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Due in part to COVID-19 and social distancing requirements, the telehealth industry has grown exponentially this year. A recent report indicates that between May 2019 and May 2020, telehealth-related care increased by 5,680%. It goes on to say that “telehealth will represent a significant share of healthcare services in the U.S. for the foreseeable future.” The use of telehealth for mental health care also rose, with mental health comprising almost 40% of all diagnoses in May 2020. Even as telehealth usage has grown to meet healthcare needs during the pandemic, myths remain about using telehealth for mental health care. However, as the technology advances and becomes more widely adopted, these five misconceptions no longer hold true.
Myth #1: Online care is not confidential.
At its core, telehealth is a healthcare service. In the same way that a hospital or counseling center would keep patient data secure, telehealth services prioritize security and encryption to keep your information private.
“Online care can actually be more confidential than in person therapy when done correctly,” said Dr. Alan Dennington, chief medical officer for TimelyCare. “Telehealth providers that utilize HIPAA compliant technology, like we do at TimelyCare, create a video environment that uses encryption in its video services to protect electronic information as it is transmitted by video. Also, since you can complete a virtual visit from your home or in a private space that you choose, you’re able to privately and confidentially access the care that you need.”
Myth #2: Online care is complicated.
You might be used to filling out a lot of paperwork the first time you visit a doctor’s office. This is not the case with telehealth. Telehealth services like TimelyCare only require basic contact information to create a profile. Then, you’re ready to start your visit. A mental health professional will ask questions to establish background before your session begins, but getting started with a virtual visit through telehealth is quick and easy. With on-demand services like TimelyCare’s TalkNow, there is little to no wait time to meet with a provider.
“Getting mental health support online is as easy as using your favorite store’s app on your phone,” said Dr. Dennington. “You simply log on, set up an account, select a provider and select when you’d like to have your visit. An internet-enabled device like a smartphone or a computer with a camera and a microphone is all you need to access care.
“A similar misconception is that mental health care is just about big, complex or complicated issues. This is not the case. When you need someone to talk to about anything — like relationships, test anxiety, or roommate issues — support is just a few clicks away.”
Myth #3: You must talk to a counselor in-person before you can use telehealth.
Since telehealth is a virtual service, you do not have to speak to a mental health professional in person to be cleared to use the technology. In the case of TimelyCare, all eligible students immediately gain access to mental health services that are available anytime, anywhere.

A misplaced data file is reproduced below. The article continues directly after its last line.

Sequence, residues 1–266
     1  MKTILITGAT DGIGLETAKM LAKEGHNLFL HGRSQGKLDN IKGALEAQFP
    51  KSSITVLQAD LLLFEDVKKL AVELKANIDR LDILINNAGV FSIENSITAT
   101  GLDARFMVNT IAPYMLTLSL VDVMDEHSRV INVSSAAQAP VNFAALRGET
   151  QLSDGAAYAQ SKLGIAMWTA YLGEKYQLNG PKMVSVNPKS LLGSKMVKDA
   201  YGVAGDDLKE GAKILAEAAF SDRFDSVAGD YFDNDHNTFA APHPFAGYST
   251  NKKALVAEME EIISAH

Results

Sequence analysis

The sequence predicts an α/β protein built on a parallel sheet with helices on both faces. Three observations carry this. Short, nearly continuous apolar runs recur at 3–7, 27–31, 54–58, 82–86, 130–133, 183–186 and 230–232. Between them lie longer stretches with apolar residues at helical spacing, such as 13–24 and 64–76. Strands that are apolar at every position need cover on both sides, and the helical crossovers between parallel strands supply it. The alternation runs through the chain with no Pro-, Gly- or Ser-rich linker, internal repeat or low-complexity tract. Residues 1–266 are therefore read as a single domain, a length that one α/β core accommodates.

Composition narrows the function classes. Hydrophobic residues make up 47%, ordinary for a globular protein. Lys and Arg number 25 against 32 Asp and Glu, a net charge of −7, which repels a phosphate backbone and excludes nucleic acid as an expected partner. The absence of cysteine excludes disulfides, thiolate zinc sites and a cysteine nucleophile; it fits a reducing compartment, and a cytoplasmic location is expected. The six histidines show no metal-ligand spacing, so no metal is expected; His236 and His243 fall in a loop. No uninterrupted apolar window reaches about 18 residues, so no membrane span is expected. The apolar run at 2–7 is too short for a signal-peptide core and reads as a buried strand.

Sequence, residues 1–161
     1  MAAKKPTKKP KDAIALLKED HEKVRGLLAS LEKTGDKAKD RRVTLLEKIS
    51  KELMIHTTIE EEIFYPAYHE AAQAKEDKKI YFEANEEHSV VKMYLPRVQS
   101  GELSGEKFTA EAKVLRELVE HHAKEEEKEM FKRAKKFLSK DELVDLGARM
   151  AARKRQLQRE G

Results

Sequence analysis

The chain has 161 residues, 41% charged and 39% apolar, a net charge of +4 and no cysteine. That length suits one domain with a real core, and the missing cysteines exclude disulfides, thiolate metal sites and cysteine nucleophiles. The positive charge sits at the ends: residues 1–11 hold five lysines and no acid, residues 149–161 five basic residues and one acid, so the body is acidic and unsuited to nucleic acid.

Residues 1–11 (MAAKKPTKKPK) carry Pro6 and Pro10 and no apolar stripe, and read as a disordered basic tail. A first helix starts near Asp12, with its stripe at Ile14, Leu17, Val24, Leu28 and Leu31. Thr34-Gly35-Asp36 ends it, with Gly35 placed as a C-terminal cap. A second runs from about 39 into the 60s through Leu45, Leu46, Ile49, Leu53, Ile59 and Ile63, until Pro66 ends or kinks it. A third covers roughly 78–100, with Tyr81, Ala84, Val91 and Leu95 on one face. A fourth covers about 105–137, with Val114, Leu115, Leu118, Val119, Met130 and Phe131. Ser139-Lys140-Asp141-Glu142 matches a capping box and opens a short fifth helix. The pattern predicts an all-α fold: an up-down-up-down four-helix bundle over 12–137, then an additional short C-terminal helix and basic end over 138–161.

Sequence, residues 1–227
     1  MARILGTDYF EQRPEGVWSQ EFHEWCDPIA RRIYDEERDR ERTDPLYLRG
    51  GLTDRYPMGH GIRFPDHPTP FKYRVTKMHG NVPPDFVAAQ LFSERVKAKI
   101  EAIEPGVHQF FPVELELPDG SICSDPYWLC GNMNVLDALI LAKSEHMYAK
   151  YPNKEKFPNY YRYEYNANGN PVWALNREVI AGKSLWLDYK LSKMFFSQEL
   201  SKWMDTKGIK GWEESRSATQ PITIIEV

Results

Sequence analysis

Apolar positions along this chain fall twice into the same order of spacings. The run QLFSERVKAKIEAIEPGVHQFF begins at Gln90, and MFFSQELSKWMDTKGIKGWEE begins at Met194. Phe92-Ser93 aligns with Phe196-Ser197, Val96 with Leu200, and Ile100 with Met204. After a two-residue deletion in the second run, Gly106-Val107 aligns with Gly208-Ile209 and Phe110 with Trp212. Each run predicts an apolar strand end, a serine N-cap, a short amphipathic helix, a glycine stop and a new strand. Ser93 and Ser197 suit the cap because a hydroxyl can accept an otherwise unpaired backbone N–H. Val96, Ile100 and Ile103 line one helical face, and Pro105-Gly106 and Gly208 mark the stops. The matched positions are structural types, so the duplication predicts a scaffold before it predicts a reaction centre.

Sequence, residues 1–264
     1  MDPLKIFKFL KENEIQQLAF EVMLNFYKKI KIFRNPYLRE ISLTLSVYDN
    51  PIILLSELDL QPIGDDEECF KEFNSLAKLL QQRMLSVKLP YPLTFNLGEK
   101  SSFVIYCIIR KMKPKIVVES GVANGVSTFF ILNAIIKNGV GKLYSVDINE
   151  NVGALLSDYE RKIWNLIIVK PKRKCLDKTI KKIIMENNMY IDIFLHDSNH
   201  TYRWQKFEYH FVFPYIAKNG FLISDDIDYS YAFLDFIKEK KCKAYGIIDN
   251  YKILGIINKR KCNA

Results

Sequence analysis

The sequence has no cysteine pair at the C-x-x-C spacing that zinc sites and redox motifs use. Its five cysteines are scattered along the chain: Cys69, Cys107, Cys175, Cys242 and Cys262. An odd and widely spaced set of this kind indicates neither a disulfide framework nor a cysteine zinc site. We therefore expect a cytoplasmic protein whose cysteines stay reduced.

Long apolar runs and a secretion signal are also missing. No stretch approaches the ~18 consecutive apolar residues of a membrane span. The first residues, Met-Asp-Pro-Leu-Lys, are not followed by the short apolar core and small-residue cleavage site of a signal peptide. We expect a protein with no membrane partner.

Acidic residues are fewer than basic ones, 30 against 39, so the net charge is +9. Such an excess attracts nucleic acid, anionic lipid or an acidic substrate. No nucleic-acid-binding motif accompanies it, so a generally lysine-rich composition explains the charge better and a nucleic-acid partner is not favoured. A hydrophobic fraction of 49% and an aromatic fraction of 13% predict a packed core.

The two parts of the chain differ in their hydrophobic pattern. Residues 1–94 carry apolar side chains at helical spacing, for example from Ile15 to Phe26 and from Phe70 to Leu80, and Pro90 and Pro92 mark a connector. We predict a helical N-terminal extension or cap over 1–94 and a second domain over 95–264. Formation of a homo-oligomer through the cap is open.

Myth #4: Services are only available during business hours.
The internet never sleeps, and neither does the need for mental health services. TimelyCare offers 24/7/365, on-demand mental health care. The need for emotional support can arise at any time of day. In response, telehealth enables services to extend beyond the traditional hours of an on-campus counseling center.
“With 24/7 access to mental health resources, students can still access a supportive, knowledgeable provider even when the counseling center is closed,” said Dr. Jan Hall, executive director of mental health for TimelyCare.
Myth #5: It’s embarrassing to seek care online.
Not all students are comfortable seeking mental health care in person. Despite significant progress in recent years to normalize mental health care, there remains a stigma for some students to walk into a counseling center or clinic. As such, virtual care that can be accessed at home or in a residence hall helps to remove that stigma. Stress, anxiety and depression are common issues experienced by college students. So, it’s critical that mental health care is flexible and adaptable to meet students whenever and wherever they need it.
“Telehealth lowers the barrier to entry for healthcare,” said Dr. Dennington. “A student who may access care via telehealth may not otherwise seek care. Telehealth meets students where they are to provide care when and where they need it.”
Providing Students with the Care They Want and Need
It’s clear that college students are ready to use telehealth as a mental health resource. In a recent study of college students by TimelyCare, 75% of students said they’re open to utilizing telehealth to receive mental health care. Furthermore, 20% of students shared that they “definitely would” consider using telehealth for mental health support. Of the students who had previously used telehealth services, 65% reported that they were “satisfied” or “very satisfied” with their experiences using telehealth.
Care delivered through telehealth is fast, easy and efficient. It eliminates wait times, reduces the stigma of seeking care and is available in the moment that a student needs care. Telehealth helps to eliminate the days or weeks that many students typically have to wait for an on-campus counseling center appointment. With telehealth, the appointment is when and where they need it.
Contact TimelyCare to learn how mental health care delivered through telehealth can make a difference in the lives of your students.